Our hospitals are no place for political statements
March 18, 2014 00:00 By Pongphon Sarnsamak
In a normal situation, it would be a worthy act for the Public Health Ministry and state hospitals nationwide to erect banners calling for an end to corruption and violence, but in the current political turmoil, such banners are likely to create conflict
Banners with statements about “anti-corruption” and “stop violence” have been erected at the Public Health Ministry and at state hospitals by the Medical Workers Community Network.
The ministry’s permanent secretary Dr Narong Sahametapat is a key network member and during the past few weeks has come out to oppose the caretaker government led by Prime Minister Yingluck Shinawatra.
During recent months, the Medical Workers Community Network has played a prominent role in the political arena, protesting against the government and alleged corruption. At the same time, the movement has been heavily criticised over whether it is appropriate for medical workers to use government offices and hospitals to display their political feelings.
It seems many medical workers were happy and proud when they saw Public Health Ministry buildings and hospitals covered by banners expressing their political stance. Some had taken “selfie” pictures with the banners and posted them on their social-media sites.
Meanwhile, people in other provinces such as Nakhon Sawan and Ratchaburi have rallied at the hospitals and asked medical workers to remove the banners, saying medical centres should be free from politics.
Public Health has insisted that all medical workers must provide treatment and save people’s lives, no matter what political side they were on.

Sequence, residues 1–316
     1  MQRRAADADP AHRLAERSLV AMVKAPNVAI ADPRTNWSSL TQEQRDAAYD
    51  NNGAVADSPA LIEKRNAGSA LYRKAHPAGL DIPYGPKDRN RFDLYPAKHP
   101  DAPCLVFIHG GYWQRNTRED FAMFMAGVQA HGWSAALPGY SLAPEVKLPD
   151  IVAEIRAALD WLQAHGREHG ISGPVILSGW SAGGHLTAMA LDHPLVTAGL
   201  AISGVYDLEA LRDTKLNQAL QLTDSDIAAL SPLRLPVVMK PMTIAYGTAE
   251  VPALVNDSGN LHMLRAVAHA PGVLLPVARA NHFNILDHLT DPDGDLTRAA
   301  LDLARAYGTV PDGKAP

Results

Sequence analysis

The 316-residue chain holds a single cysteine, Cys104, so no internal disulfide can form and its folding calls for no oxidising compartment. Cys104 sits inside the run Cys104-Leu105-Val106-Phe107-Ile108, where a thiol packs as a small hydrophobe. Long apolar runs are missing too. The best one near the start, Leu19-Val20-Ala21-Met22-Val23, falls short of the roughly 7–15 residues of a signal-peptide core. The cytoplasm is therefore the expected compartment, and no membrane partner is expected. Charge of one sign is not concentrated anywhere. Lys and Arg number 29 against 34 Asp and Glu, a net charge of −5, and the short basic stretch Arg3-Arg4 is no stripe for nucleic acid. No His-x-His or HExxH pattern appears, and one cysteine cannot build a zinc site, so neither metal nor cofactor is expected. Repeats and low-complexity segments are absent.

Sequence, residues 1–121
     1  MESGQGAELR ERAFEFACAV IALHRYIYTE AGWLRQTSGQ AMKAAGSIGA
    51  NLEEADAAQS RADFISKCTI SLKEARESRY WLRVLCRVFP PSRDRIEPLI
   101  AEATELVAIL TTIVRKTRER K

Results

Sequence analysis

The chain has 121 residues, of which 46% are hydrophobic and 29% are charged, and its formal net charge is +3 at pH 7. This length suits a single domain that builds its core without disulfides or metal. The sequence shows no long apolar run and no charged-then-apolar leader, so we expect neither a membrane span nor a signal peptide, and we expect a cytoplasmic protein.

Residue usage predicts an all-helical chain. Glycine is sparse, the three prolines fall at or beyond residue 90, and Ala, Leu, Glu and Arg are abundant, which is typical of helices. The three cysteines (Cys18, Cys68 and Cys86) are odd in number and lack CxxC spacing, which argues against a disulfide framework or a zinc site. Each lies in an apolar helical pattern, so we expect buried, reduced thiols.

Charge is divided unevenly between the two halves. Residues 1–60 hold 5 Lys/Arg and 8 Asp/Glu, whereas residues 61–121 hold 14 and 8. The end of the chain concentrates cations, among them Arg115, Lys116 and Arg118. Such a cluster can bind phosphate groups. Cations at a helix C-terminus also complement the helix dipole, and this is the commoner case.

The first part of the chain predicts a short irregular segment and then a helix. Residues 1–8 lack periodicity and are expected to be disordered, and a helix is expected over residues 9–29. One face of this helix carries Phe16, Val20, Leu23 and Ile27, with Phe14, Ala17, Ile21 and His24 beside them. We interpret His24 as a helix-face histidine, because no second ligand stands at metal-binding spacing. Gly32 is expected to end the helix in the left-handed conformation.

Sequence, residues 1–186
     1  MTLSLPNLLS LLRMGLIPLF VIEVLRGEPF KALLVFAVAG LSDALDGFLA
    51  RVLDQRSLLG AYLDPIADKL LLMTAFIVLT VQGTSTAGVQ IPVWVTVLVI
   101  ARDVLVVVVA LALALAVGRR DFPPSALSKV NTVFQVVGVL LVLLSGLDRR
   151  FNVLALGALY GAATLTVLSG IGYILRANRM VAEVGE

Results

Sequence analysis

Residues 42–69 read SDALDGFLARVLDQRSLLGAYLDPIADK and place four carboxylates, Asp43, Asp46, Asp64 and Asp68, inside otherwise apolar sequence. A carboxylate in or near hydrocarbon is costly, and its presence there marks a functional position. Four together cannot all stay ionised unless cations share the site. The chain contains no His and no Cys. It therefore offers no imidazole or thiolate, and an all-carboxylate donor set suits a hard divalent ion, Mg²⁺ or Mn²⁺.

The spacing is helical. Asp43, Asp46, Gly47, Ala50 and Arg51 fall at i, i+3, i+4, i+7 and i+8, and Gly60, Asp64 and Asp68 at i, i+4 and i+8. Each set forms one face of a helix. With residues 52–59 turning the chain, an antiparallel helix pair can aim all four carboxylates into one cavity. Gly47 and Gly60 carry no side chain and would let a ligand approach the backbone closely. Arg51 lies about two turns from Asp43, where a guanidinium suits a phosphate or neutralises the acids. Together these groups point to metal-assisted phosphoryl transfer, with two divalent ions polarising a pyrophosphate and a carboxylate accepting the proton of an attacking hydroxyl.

The network’s use of government offices to express a political stance is, in fact, likely to create conflict with medical workers and patients who do not agree with them.
It may be a basic right for every person to express a political opinion, but medical workers should not use medical institutes or government offices to tell other people their personal beliefs.
In normal times, the Public Health Ministry and hospitals produce tens of thousands of banners to disseminate messages on health promotion and disease prevention.
However, during the current political turmoil, many ministry and hospital buildings have been covered by banners made by the non-governmental Medical Workers Community Network.
Recently some of the banners erected by the network were removed from the ministry’s permanent secretary building.
Once the People’s Democratic Reform Committee (PDRC) protesters learned the banners had been taken down, they invaded the Public Health Ministry to find out the reason.
PDRC leader Issara Somchai was among the group who demanded to see Kamol Bandaiphet, secretary of caretaker Public Health Minister Pradit Sinthawanarong, and deputy permanent secretary Dr Chanvit Tharathep, whom they believed had instructed police to remove the banners.
Protesters shouted they had been instructed by Issara to seek an explanation from the duo. Some ministry staff joined in the protest and blew whistles.
As a result, protesters got access to the roof, re-erected the banners and, after failing to locate Kamol and Chanvit, left the building.
The Public Health Ministry was not the only place to be invaded. The private Mongkutwattana General Hospital was also attacked by unknown assailants.
It’s not known if this incident was connected to the political stance of the hospital’s director, but it reflected that patients could be at risk from unprecedented incidents during the political turmoil.
Medical workers have the right to express their political stance no matter what side they’re on, but professionally, the expression of their political opinions should be outside the hospitals or medical institutes. They still have the responsibility to provide medical treatment to all people, no matter where they stand politically.
It would be better for the Public Health Ministry, or a group of medical workers, to erect banners – if they must – with messages promoting harmony